Tuesday, August 11, 2009

So hamburgers are OK now?

A lot of health freaks are going to be chomping angrily into their nutburgers over this

Not one to ignore the family need for burgers, Michelle Obama brought Malia and Sasha to lunch at Good Stuff Eatery on Thursday.

Patrons dining at the outdoor tables realized right away what was happening, said Felice Robinson, administrative coordinator for Good Stuff Eatery (303 Pennsylvania Ave. S.E). "How are you gonna miss the Secret Service?" she said.

The patrons outside saw the Obama girls getting out of the van and were immediately thrilled, whipping out their cell-phone cameras to get photos. "People were really happy to get a shot, and especially to see the girls," said Robinson. "Michelle has been here before, but this was the girls' first visit."

The First Family (sans Dad) ordered a Farmhouse Cheeseburger, Colleti's Smokehouse Burger and -- of course -- the new President Obama burger, topped with horseradish mayo, red onion marmalade, crumbled blue cheese and bacon.

Several members of Michelle Obama's staff joined them for lunch (and milkshakes!) at a 10-person table.


Beetroot eases pain of red-faced runners

POUNDING the streets for hours every day in preparation for a marathon? Sit down and drink some beetroot juice instead. Drinking a glass has been found to boost stamina, allowing people to endure strenuous physical exercise for longer.

Research shows that the nitrate in beetroot juice leads to a reduction in oxygen uptake, slowing the rate at which a person becomes exhausted. Those drinking the juice can exercise for 16 per cent longer.

The scientists behind the study said that the reduction in oxygen use was greater than that achieved by any other known means, including training. The findings could be of interest to endurance athletes, elderly people or those with cardiovascular, respiratory or metabolic diseases, they added.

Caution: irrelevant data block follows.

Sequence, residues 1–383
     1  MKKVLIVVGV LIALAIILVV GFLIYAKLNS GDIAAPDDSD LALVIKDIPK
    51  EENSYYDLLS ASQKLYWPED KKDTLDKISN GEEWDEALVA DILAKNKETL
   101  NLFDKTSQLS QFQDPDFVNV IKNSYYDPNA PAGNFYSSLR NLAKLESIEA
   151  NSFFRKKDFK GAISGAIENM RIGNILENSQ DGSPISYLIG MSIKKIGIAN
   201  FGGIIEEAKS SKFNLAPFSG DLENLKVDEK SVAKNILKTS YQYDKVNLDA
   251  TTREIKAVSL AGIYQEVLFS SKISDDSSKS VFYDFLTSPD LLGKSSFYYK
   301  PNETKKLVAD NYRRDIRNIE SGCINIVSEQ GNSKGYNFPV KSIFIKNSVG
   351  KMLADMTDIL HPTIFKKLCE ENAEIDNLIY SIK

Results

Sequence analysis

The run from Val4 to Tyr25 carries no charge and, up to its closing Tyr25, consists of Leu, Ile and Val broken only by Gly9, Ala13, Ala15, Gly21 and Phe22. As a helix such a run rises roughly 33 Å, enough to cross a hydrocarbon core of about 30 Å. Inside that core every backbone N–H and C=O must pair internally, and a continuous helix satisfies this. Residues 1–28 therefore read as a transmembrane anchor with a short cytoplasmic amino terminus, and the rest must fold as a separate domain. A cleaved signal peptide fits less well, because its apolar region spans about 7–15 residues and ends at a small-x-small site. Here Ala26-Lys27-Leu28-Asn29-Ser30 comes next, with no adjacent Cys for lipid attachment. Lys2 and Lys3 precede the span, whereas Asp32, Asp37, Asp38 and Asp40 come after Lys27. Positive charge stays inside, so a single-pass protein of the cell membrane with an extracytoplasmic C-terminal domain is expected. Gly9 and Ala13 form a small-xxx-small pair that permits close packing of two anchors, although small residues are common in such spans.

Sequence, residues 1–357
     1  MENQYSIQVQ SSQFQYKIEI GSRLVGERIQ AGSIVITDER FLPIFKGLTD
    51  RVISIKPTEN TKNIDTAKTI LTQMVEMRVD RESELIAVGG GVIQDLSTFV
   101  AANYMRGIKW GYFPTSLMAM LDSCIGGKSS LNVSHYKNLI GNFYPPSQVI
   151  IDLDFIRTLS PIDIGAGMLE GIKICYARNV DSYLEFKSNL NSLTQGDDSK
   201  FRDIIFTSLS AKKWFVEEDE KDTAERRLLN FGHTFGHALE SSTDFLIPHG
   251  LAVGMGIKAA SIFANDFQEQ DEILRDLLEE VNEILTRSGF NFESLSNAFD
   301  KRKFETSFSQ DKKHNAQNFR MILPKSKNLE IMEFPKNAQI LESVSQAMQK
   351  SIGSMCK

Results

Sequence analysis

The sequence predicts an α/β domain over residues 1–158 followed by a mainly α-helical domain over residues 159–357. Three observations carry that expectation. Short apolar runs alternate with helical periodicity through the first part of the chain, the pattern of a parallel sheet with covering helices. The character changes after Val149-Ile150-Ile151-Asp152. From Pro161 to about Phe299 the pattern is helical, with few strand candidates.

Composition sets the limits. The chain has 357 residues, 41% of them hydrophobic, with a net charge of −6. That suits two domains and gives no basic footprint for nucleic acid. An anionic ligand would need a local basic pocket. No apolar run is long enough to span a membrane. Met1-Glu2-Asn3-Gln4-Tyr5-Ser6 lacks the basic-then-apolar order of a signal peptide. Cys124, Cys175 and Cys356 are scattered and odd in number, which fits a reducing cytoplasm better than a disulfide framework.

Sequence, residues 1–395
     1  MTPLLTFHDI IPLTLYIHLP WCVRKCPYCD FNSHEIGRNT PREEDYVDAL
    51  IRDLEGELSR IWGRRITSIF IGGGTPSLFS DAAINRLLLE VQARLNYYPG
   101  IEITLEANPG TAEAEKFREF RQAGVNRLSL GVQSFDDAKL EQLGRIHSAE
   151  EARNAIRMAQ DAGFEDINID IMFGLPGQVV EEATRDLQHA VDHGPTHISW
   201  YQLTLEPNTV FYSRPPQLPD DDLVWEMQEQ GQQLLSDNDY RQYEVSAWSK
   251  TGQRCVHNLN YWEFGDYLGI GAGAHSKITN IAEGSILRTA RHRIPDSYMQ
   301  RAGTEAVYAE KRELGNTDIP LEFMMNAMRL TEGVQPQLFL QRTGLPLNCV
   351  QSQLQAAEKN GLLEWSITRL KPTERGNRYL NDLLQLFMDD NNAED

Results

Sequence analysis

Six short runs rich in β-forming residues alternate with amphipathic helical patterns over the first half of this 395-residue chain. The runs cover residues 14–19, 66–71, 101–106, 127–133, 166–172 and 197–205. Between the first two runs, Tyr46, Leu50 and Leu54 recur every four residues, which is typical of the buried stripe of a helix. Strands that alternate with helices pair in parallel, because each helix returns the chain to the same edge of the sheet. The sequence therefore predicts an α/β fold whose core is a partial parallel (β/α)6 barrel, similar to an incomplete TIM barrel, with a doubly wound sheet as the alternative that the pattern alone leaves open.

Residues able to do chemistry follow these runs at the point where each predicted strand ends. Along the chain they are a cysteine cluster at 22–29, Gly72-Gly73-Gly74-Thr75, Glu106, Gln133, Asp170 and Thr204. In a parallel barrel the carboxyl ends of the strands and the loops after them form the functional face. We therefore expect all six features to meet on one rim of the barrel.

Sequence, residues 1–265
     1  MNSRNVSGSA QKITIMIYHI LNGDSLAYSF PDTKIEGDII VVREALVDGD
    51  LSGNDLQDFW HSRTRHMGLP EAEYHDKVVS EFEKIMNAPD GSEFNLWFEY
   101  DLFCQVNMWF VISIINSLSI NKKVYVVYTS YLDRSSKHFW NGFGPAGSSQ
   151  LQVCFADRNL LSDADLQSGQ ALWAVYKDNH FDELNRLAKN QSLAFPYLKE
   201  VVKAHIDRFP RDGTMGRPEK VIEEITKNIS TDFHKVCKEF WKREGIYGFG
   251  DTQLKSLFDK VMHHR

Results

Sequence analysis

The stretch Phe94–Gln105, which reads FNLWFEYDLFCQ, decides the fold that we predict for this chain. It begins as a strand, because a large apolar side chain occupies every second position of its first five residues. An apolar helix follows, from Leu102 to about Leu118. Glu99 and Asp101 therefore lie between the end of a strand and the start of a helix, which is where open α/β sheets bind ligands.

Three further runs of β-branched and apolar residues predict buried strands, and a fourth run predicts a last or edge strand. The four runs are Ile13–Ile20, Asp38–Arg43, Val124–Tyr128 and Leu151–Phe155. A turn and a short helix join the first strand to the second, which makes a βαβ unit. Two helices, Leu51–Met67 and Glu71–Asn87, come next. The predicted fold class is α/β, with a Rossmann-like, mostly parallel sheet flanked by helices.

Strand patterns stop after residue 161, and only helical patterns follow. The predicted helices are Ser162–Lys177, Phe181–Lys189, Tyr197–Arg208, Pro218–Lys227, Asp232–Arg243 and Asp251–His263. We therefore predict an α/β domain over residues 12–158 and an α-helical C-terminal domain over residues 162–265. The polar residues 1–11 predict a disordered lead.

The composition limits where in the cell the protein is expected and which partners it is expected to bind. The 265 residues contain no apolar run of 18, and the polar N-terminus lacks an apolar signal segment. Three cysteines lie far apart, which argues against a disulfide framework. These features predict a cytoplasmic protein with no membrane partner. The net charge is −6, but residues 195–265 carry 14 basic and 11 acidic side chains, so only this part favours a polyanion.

But there is a side-effect, albeit harmless. Drinking beetroot juice can lead to beeturia, when urine turns pink or red because of acidity levels in the stomach.

The research team, led by the University of Exeter, conducted the study with eight men aged 19 to 38. They were given 500ml a day of organic beetroot juice for six consecutive days before completing a series of tests, involving cycling on an exercise bike. On another occasion, they were given a placebo of blackcurrant cordial for six consecutive days before completing the same cycling tests. After drinking beetroot juice the group was able to cycle for an average of 11 minutes, 25 seconds - 92 seconds longer than when using the placebo. This translates into a 2 per cent reduction in the time taken to cover a set distance. The group that consumed the beetroot juice also had lower resting blood pressure.

The researchers are not sure of the mechanism that causes the nitrate in the beetroot juice to boost stamina. However, they suspect that it could be a result of the nitrate turning into nitric oxide in the body, reducing the oxygen cost of exercise. Nitrate is high in other foods, such as lettuce, but can be introduced in larger quantities because beetroot can be juiced, the researchers said.

The study follows research by Barts and the London School of Medicine and the Peninsula Medical School, published last year, which found that beetroot juice reduced blood pressure. The researchers found that in healthy volunteers blood pressure was reduced within an hour of drinking.

The latest research was carried out by the University of Exeter and Peninsula Medical School and published in the Journal of Applied Physiology. The team hopes to conduct further studies to try to understand in more detail the effects of nitrate-rich foods on exercise physiology.

Professor Andy Jones, lead researcher from the University of Exeter School of Sport and Health Sciences, said the work showed that nitrate-rich food could increase endurance.

"We were amazed by the effects of beetroot juice on oxygen uptake because these effects cannot be achieved by any other known means, including training," he said. "I am sure professional and amateur athletes will be interested in the results."

Experts welcomed the findings but cautioned that both studies to date had been small and called for trials on a larger scale, including research into long-term benefits or potentially harmful effects.


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